Heather Kelman, the chair of FSS, added: “This joint report comes at what we believe is a make-or-break juncture for food quality and safety, as we transition into a post-pandemic landscape and take on new responsibilities following our departure from the EU.

“It is really encouraging that this evidence-led report has found that our high food standards we strive for in Scotland and the rest of the UK have been upheld during a particularly challenging period. However, the full effects of these momentous events are still being felt and will continue to have an impact on our food systems for years to come.”

Report’s verdict on UK diet and on inflation

The report also looked at the UK diet. Reflecting on the impact Covid-19 has had on what people in the country eat, the report said: “The pandemic’s impact on people’s diets appears to be mixed. There is evidence that restrictions led some people to prepare and eat healthier meals at home but also increased the tendency to indulge in unhealthy snacks and takeaways. People from households with lower financial or food security reported consuming fewer fruits and vegetables, less fish and more sugar-sweetened soft drinks than those who were more financially or food secure.”

The report also discussed inflation and consumers’ purchasing power.

The agencies said their latest research shows “accessing healthy food at an affordable price is uppermost in the public’s mind”. More than three-quarters said they were concerned or extremely concerned about the cost of food, they added.

“Recent increases in food prices present a growing threat to the standard of food people eat. Fifty-three per cent of consumers say they feel ‘priced out’ of buying healthy food; and one four consumers now feel the only foods realistically available to them are heavily processed, increasing to around half for households facing food insecurity. It is likely that the quality of the nation’s plate may be affected as the squeeze in household incomes intensifies this year.”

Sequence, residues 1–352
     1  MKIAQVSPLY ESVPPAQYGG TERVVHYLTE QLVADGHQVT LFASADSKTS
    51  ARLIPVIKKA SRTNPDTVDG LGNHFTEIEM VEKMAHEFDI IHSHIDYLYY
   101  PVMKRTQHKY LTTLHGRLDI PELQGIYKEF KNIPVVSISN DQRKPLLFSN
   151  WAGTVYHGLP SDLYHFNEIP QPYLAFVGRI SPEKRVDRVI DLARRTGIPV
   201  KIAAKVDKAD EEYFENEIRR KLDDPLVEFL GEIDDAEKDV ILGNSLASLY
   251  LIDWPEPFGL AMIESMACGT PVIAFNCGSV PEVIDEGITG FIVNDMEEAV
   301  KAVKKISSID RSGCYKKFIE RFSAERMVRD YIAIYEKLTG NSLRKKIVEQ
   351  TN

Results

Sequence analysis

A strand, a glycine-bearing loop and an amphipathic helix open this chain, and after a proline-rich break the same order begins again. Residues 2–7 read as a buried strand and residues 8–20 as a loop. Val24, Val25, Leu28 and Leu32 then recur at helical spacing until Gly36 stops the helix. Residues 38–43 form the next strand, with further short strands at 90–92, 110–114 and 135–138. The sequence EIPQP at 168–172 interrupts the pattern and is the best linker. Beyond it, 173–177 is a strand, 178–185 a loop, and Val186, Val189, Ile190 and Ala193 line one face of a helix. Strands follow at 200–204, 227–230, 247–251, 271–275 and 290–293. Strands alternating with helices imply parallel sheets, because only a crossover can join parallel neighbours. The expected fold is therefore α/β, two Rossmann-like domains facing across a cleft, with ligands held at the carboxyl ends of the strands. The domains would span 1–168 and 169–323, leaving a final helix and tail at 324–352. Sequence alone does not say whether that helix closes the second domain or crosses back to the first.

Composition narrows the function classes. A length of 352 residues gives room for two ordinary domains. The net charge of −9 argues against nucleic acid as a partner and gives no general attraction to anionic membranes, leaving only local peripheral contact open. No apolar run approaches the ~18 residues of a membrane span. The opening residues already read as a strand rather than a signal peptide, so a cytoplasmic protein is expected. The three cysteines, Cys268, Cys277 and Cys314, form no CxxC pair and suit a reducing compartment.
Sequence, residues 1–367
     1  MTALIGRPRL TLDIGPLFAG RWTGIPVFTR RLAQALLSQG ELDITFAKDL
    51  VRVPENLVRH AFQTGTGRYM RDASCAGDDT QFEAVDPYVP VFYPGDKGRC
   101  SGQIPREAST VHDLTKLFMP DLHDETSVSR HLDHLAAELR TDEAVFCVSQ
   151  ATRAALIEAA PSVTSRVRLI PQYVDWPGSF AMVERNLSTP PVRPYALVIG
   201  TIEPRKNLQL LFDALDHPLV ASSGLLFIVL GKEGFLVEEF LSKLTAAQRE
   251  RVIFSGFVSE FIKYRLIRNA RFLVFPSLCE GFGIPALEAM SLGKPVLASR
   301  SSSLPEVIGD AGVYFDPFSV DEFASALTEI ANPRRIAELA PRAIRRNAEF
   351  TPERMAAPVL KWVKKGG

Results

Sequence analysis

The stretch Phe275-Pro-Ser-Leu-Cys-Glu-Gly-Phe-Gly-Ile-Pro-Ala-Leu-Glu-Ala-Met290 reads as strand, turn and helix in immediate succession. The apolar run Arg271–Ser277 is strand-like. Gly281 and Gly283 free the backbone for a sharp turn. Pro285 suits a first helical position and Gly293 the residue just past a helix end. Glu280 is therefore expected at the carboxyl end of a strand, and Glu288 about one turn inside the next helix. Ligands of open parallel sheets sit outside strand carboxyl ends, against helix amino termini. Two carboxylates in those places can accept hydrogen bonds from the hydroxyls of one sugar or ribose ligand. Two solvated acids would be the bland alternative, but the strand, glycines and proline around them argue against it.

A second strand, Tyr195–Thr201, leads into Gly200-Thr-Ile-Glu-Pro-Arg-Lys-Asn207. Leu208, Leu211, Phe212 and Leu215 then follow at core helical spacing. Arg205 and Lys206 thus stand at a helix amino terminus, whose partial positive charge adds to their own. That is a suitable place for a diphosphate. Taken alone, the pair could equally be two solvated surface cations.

The latest figures issued today (29 June) by trade body The British Retail Consortium showed food inflation hit 5.6% in June, its highest level for more than a decade.

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Free Report
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What’s the forecast for the food and grocery industry?

The food and grocery sector thrived during the pandemic, largely due to the shutdown of the food service industry and the sector’s subsequent necessity, panic-induced bulk purchasing, and spending more time at home. The market has grown as a result of inflation. Consumer unwillingness to go out and socialize, and the reopening of several hospitality facilities, helped maintain the demand for groceries, particularly online, in 2021. As consumer behavior changes, we consume more food and drink at home, and inflation increases basket sizes. GlobalData predicts that the sector will continue to hold a higher share than had been predicted prior to the pandemic. This is true despite the fact that the food and grocery sector's share of overall retail will decline from its peak in 2020. This report will discuss market forecasts and key themes in the global food & grocery industry in 2022 and beyond. It covers:
  • Market drivers and inhibitors
  • Five-year forecasts and the impact of COVID-19
  • The performance of the online channel versus offline
  • Major trends in the market including rapid delivery, ambient retailing, supply chain disruption, and inflation
Assess developments within this sector to help your business thrive in 2022 and beyond.
by GlobalData
Enter your details here to receive your free Report.